Bat Signal

Issue 213 -“The Mysterious Mirror-Man!”




Hello everyone, and welcome back for another installment of Bat Signal, my ongoing quest to read every issue of Detective Comics, in random order, and with basically no context. And we’re heading back to the 1950’s this week folks, and you know what that means! Another incredibly forgettable issue with a one-note villain who probably sprung from Bill Finger’s infamous “gimmick book,” without much thought put into him! Gotta love these types of issues. And, to really hammer how quintessentially how pre-Silver Age this comic is, we also get a story about someone really trying their hardest to figure out who Batman really is while succumbing to their insane criminal gimmicks. We’re checking off a lot of boxes this week folks, so let’s see if “The Mysterious Mirror Man!” is really all he’s cracked up to be. Mirror puns!

The issue begins, incredibly briefly, with Batman and Robin meeting a newspaper publisher named Mr. Weldon at a charity event for delinquent children where Batman agrees to write a special Op-Ed piece in exchange for a massive donation to the charity. This doesn’t matter until the end of the story though, so we immediately shift our focus to Gotham’s State Penetentary where a new inmate named Floyd Ventris is being brought into the medical clinic for a routine examination before being sent to his cell. And, in the process of the examination, Ventris ends up breaking a mirror in the room. He helps the doctor clean up the shards of glass, and slips one of them into his pocket, hoping to use it later. But, not as a shank or anything. No, he has something far more complicated in mind. Because that night Ventris is able to break out of prison, and when the guards in a watchtower focus a spotlight on him he’s able to use the shard to reflect the light back and blind them. Ventris succeeds in escaping the prison, and decides that since he owes his escape to mirrors, he’ll devote his life to them. You know, like a normal Gotham criminal.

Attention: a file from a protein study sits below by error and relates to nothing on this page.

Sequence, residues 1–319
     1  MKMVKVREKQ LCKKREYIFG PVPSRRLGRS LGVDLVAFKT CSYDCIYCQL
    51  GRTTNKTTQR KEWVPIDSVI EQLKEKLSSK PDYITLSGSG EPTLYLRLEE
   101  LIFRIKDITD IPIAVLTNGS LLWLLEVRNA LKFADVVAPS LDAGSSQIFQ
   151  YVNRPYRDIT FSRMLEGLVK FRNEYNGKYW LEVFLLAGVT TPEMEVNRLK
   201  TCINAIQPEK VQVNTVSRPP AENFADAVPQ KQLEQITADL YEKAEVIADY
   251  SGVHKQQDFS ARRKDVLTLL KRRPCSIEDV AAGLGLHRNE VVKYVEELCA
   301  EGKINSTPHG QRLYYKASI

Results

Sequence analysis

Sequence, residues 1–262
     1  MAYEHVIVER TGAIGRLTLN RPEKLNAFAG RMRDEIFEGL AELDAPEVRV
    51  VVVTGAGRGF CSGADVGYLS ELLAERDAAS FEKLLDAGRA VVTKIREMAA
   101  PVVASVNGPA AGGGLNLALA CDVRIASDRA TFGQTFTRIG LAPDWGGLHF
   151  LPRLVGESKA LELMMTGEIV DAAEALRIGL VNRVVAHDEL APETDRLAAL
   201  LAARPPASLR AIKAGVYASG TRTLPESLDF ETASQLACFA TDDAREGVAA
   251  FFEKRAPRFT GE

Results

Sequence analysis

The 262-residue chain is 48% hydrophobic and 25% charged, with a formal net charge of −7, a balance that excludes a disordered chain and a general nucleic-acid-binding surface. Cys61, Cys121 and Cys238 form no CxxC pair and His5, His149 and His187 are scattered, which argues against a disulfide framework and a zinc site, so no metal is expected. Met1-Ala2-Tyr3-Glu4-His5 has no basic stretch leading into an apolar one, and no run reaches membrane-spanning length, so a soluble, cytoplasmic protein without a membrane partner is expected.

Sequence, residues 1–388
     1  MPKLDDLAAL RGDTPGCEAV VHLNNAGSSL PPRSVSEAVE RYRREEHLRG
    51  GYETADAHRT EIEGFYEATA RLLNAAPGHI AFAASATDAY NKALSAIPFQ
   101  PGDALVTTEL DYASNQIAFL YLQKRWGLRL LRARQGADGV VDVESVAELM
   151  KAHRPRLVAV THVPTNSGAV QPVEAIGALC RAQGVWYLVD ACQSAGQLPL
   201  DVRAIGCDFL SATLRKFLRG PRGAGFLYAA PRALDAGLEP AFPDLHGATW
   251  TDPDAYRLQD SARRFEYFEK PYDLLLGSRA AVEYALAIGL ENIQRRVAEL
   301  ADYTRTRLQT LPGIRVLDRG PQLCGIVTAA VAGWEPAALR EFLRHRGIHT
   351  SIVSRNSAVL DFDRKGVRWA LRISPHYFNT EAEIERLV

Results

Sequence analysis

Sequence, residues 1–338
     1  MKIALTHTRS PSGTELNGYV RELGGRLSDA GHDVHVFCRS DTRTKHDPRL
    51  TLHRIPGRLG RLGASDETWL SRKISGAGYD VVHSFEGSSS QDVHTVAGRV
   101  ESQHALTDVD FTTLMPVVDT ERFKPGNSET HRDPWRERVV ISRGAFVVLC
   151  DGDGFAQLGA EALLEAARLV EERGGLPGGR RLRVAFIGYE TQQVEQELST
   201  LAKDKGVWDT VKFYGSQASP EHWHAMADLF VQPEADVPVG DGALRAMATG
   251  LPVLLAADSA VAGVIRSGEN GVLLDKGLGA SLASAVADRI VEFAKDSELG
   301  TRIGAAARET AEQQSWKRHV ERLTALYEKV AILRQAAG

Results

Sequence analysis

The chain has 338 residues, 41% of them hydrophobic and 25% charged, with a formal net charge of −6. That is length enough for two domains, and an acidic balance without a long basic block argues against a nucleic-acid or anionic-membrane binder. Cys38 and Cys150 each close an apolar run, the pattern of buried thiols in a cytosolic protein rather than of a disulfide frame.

Ventris has now decided to call himself Mirror Man, and commit crimes that revolve around mirrors. A perfectly natural thing for a person to do. And, to introduce himself to the criminal world of Gotham, he’s devised an insane plan. Mirror Man has apparently invented some sort of mirror-based x-ray device that he plans on using on Batman so he can learn his secret identity and then extort him. It does seem to work, so their next step is to plan a crime that will lure Batman out into the open. And, sticking with the mirror theme, Mirror Man ends up setting up a giant mirror next to an outdoor carnival ice rink, melting it and ruining the days of all of the patrons.

Batman and Robin spot the disaster at the rink, while flying around in the Batplane, and divert their course to save the day. Thinking fast Batman releases a cloud of smog from the plane, which ends up blocking the light of the mirror, saving the day. He and Robin then swoop down and start fighting with Mirror Man and his goons, until Mirror Man takes the opportunity to flee into the carnival next to the skate rink. Batman gives chase, and ends up following Mirror Man into a house of mirrors, where Batman instantly gets discombobulated. Mirror Man then pulls out his special device, and prepares to reveal Batman’s identity, until Robin comes bumbling in and ruin is. Mirror Man then flees, hoping to prepare another scheme. So, Batman and Robin get to work researching a possible next crime for Mirror Man to commit, and since Gotham City is the craziest place on Earth, they find the most logical option.